When I left Forteleza on the last leg of a 12-year trip around the globe, I felt certain I would not soon get back to Brazil. The powerful northwest-setting current and constant southeast tradewinds that made my ride to the Caribbean so effortless, guaranteed that a passage in the opposite direction would be too masochistic to consider, at least for Atom
, my then engineless, 28-foot Pearson Triton. If my boat was somewhat windwardly challenged it was at least partly the fault of her skipper who always did his best to avoid putting the rail under.
If a return trip had been possible I certainly would have loved to go back. While maxing out my six-month visa limit I had barely sampled Brazilís endlessly varied coastline and had learned enough of the local language and culture to have made many friends with these warm-hearted people.
It was with initial mixed feelings then that the following year I considered a friendís request to deliver his boat from Margarita Island, Venezuela to Cabedelo on the eastern tip of Brazil. My wife Mei had quit her job this year in Taiwan and joined me for the first time as a liveaboard cruiser. Though she eagerly agreed that being paid to sail to Brazil was a great opportunity, her experience up to now had been limited to short passages amid the sheltered waters of the southern Caribbean.
I at least knew the boat well. Her Swiss owner, Theo Bodmer, had recently hired me to give Islander, a 28-foot 1972 Hong Kong-built Taipan sloop, a complete refit. During Islanderís resurrection we reglassed the hullís exterior bottom after repairing the most extensive osmosis damage Iīd ever seen on any boat. Rotten bulkheads were ripped out and a whole new interior installed with numerous watertight bulkheads and sealed lockers. This strengthened her immensely and provided a high degree of resistance to sinking, if not outright positive buoyancy when flooded. I installed a Lavac vacuum-type toilet, also behind a watertight bulkhead. I built two integral water tanks right into the hull under the V-berth and under the cockpit footwell to add strength to tanks and hull as well as to maximize the water-carrying capacity.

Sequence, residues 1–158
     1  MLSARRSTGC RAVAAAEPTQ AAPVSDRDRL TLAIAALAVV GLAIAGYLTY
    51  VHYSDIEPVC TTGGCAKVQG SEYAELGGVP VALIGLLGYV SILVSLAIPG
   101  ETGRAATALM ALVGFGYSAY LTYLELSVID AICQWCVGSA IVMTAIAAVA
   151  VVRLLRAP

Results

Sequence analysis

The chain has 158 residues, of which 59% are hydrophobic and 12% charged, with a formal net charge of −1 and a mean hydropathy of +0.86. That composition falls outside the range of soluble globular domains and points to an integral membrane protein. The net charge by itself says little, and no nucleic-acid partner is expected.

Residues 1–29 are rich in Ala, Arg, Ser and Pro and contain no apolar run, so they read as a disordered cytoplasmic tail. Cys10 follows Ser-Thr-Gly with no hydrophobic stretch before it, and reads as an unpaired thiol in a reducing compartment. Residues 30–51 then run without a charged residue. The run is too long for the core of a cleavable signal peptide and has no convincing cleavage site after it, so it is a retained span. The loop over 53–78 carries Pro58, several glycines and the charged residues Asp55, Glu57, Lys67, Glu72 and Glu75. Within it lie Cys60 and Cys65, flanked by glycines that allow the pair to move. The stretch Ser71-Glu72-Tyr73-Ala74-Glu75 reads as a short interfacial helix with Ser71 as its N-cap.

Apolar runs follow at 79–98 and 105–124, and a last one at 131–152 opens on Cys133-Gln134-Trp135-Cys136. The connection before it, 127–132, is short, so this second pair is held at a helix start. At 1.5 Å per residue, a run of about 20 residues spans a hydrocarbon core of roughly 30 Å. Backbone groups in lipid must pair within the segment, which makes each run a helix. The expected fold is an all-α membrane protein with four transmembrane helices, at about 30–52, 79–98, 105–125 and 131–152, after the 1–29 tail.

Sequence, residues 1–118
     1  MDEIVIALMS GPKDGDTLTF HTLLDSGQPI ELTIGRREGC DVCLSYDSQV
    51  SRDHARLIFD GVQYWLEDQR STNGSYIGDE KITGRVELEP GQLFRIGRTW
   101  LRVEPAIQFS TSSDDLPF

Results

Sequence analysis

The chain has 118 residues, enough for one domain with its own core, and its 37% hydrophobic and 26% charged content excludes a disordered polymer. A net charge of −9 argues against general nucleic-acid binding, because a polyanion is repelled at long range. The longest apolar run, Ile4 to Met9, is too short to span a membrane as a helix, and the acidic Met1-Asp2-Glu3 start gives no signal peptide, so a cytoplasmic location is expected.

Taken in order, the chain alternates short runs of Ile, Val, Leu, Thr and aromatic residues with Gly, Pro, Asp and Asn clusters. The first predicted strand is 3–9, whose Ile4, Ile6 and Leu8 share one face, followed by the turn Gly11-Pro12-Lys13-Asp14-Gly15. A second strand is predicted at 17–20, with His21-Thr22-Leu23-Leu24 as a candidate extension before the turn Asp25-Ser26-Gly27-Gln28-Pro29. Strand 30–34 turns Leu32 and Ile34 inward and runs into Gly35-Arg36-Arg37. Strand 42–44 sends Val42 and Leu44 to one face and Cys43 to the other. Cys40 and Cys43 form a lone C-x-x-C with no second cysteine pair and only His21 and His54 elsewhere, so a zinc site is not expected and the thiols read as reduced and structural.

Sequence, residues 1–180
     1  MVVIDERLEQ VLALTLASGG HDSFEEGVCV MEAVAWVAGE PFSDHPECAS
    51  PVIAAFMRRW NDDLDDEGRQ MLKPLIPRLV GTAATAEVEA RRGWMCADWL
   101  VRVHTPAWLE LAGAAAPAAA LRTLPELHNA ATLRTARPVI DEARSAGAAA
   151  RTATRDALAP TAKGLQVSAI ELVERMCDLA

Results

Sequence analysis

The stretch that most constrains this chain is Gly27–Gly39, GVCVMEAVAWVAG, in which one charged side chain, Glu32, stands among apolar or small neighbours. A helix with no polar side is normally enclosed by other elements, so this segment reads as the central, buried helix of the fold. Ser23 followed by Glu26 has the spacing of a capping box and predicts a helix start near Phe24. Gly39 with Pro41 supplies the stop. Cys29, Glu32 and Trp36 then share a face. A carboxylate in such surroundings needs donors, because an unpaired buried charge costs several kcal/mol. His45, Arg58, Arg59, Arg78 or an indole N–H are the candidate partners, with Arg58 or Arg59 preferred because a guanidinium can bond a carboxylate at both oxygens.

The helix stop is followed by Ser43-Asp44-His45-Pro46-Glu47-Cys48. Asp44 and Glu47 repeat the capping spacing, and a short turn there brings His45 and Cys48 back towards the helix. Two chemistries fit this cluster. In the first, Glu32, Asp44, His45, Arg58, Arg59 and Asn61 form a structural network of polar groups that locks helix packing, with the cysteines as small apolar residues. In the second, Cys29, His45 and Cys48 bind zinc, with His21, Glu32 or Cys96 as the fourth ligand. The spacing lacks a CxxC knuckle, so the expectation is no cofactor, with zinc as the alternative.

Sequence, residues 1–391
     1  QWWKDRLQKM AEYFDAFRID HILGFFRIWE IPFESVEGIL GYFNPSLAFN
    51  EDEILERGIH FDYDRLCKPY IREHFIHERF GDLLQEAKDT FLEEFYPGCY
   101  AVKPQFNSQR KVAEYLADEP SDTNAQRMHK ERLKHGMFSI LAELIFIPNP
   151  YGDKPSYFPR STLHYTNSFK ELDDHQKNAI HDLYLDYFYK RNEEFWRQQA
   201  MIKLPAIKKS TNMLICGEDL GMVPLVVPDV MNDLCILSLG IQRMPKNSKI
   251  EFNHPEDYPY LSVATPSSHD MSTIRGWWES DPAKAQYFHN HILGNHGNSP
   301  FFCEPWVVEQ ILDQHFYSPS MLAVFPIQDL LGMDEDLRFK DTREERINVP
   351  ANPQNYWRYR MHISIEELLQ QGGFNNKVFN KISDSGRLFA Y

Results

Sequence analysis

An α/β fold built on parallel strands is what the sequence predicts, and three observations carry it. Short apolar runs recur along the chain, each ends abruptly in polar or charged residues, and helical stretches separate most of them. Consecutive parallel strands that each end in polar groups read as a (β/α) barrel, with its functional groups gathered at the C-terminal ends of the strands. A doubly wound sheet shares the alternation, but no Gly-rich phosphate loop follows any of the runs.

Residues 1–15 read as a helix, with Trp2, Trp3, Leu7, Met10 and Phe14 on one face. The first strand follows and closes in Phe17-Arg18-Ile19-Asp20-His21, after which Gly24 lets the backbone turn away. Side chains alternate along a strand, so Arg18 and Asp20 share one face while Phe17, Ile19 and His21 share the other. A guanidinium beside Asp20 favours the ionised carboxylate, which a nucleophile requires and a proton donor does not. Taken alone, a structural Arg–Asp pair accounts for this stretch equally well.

The most daunting task of this reconstruction project was removing the worn-out teak decks and the top layer of fiberglass deck and replacing the rotted plywood core. We then laboriously block sanded the deck level, reglassed and painted it. This job alone took a full month. It was worth the effort to finally put an end to deck leaks.
Other repairs included replacing all eight lifeline stanchions and bases and rebedding the hatches and ports. A Profurl jib-furling gear and new jib were added and the rigging strengthened by adding an inner forestay and intermediate aft shrouds attached to the deck just behind the aft lower shrouds. To ensure several more years of trouble-free self-steering, we replaced all the bearings on the venerable Aries wind vane.
|"This handsome little cruiser carries no EPIRB or life raft or much else in the way of so-called safety equipment. Instead she is built to serve as her own liferaft. "|
As for electronics, Islander
has more then the average number of gadgets for a small cruiser including: radar, two GPS units, VHF and SSB transceivers with an e-mail modem. There is a good quality sextant and celestial navigation tables onboard. All power is generated by three solar panels and stored in a single, 200 amp hour, 12-volt bank of four deep-cycle six-volt batteries.